A lot or a little?
The parents' guide to what's in this TV show.
What parents need to know
Parents need to know that this reality series, which features independent shippers competing for bids and transporting items across the country by themselves, features lots of salty language, cigarette smoking, and greedy behavior. Shippers often take risks, and sometimes break the law, in order to maximize profits. Each shipper's service logo, as well as the uShip online auction logo, is prominently featured.
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What's the story?
SHIPPING WARS is a reality series about the competitive world of the independent shipping business. Each episode features self-employed shippers from all over the country, including Roy Garber, Marc Springer, Jennifer Brennan, Scott and Suzanne Bawcom, and rookie Jarrett Joyce, placing online bids for transport jobs on uShip, the world's online auction house for independent truckers. Each job they win gives them a specific delivery deadline, as well as the fine amount they must pay if they miss it. To maximize their profits, truckers try build shipping trips that allow them to transport multiple items, like oversized one-of-a-kind collectibles and live animals, across the country while taking into account the cost of fuel, lodging, and wear and tear on their trucks. If everything goes well, the payout can be big. But a failure to deliver a single item can result in major financial losses, as well as bad online user ratings, which can potentially lead to a shipper getting pulled from uShip's bidding services.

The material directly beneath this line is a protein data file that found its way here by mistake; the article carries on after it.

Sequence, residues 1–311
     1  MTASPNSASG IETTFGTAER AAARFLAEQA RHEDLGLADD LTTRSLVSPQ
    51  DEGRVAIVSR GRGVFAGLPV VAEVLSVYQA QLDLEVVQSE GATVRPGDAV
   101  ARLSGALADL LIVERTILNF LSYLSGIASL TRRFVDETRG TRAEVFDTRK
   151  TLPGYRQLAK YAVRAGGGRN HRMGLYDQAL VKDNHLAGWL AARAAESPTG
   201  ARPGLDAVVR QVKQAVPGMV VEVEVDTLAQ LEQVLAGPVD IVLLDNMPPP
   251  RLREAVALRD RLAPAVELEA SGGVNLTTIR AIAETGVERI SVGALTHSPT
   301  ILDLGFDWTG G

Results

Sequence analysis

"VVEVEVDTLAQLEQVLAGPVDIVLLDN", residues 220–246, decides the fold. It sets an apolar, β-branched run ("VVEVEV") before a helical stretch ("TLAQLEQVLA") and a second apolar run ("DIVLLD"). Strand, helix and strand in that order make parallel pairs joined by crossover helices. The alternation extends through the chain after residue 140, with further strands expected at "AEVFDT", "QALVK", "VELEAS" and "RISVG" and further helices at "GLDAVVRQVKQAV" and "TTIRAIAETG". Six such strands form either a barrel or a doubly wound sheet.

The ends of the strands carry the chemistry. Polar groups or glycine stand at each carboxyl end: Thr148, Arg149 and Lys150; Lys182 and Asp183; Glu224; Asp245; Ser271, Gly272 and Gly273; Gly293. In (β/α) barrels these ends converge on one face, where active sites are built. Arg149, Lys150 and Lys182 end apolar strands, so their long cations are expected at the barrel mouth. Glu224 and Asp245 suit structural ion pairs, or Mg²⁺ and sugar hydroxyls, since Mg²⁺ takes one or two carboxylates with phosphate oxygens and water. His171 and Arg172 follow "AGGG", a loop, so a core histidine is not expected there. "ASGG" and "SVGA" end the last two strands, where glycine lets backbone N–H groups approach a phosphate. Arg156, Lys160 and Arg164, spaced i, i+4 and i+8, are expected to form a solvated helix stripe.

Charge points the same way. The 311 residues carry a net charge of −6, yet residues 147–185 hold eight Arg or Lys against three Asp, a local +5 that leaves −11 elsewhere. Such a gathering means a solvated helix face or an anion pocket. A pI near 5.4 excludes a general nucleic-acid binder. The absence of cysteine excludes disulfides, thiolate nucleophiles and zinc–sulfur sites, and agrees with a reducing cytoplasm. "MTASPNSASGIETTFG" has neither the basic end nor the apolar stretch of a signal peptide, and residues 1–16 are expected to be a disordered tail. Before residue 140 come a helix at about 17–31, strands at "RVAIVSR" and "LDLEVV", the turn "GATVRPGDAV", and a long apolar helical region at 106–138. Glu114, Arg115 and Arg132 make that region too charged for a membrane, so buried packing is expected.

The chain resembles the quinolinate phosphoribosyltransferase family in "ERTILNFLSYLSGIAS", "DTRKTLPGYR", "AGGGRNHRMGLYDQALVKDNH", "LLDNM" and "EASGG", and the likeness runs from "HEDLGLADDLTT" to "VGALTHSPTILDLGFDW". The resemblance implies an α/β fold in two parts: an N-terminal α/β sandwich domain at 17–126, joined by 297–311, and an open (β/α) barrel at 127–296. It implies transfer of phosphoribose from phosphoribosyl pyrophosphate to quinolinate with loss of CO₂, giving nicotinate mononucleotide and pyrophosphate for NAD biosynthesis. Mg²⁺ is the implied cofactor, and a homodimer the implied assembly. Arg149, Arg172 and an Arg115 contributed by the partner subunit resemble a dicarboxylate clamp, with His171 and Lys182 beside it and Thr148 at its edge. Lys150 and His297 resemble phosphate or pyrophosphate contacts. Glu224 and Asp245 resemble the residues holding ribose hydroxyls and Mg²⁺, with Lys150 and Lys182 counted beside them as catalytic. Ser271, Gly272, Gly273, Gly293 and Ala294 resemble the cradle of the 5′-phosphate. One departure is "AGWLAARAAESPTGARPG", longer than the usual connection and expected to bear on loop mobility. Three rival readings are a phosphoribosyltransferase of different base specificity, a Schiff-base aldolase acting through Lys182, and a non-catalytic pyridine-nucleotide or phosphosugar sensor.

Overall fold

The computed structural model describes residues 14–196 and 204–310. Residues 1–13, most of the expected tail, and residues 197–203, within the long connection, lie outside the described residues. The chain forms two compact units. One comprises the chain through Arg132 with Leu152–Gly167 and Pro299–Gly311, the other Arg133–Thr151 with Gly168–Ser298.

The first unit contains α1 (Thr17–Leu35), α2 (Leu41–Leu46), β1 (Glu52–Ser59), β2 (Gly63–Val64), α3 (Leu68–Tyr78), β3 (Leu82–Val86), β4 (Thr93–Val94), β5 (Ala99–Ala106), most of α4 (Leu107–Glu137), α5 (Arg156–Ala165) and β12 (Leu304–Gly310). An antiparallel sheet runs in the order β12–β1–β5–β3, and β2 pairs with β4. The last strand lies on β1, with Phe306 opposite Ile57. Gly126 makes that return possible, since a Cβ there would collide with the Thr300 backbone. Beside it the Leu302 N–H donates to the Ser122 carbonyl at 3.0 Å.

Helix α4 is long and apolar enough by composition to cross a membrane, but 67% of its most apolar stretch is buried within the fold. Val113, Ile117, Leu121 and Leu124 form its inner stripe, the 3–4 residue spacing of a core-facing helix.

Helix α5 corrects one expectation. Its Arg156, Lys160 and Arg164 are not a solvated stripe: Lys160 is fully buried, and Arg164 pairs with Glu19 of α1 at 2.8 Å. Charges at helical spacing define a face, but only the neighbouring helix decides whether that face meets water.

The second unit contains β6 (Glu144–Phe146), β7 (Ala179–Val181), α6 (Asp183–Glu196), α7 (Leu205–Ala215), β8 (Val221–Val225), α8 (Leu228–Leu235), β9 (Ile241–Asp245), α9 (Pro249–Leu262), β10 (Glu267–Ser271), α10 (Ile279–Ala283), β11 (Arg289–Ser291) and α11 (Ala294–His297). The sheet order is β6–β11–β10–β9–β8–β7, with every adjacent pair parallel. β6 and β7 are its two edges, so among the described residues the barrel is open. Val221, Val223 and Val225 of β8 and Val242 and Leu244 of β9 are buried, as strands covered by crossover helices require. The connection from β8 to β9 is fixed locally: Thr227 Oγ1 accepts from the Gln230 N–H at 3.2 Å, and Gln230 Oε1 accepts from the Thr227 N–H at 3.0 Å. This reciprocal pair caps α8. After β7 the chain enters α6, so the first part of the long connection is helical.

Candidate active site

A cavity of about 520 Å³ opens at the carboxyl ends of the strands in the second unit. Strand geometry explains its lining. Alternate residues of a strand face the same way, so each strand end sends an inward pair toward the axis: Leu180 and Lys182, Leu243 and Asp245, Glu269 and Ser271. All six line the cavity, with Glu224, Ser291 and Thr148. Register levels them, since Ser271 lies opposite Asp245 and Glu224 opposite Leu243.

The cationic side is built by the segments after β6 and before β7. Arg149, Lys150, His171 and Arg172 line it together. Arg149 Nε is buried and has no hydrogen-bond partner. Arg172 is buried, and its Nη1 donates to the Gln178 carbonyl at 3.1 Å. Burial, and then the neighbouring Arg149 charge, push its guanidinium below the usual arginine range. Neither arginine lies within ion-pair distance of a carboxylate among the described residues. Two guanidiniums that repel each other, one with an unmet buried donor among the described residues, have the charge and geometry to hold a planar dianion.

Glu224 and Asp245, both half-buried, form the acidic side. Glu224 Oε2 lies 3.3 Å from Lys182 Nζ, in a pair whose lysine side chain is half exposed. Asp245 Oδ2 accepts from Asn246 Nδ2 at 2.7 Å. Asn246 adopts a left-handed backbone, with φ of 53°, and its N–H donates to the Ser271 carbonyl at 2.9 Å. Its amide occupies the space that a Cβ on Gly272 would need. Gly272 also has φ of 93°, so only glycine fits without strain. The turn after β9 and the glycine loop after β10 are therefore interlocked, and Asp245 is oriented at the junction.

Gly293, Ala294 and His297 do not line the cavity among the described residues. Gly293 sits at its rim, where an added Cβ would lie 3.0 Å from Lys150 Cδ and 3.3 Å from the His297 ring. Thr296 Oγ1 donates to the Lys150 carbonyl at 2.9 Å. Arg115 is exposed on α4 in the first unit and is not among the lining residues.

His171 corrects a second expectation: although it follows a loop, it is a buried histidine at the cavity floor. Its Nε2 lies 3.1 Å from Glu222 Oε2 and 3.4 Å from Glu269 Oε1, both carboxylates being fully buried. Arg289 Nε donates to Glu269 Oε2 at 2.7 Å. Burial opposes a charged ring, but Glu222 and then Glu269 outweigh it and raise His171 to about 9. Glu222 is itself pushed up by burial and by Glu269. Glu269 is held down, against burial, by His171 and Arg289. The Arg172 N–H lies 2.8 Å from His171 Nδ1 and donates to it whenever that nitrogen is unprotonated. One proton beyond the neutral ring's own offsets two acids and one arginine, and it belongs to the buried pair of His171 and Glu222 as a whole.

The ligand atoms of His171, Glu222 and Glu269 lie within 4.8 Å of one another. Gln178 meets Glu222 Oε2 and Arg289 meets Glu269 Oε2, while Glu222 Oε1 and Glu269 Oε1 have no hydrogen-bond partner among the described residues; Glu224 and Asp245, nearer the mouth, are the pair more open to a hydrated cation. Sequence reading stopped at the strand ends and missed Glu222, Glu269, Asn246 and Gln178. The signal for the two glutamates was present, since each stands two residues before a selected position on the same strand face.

Is it any good?
The series shows how people build a career out of picking up and delivering items that traditional shipping companies usually refuse to handle. It also showcases some of the bidding strategies and shipping tactics (which range from clever to illegal) they will use in order to get a job and make a successful and profitable delivery within the timeframe allotted.
The competitiveness between the truckers makes the show a little edgy, but the real drama comes from the unexpected breakdowns, lack of trailer space, and other mishaps that each trucker faces as they attempt to meet their delivery deadlines. Some of the items they ship can be interesting, too. It isn't the best choice for younger viewers, but for older reality show fans, it's fairly entertaining.
Talk to your kids about ...
Families can talk about reality shows. How real do you think shows like this are? What gets edited out? Why would these truckers agree to be on a show like this? What's the appeal of the workplace reality show?
Talk about independent truckers. Why do people get into this business? What are some of the benefits to this line of work? Risks? How does media technology like the Internet and GPS help this business grow? What are some of the drawbacks to using this technology?
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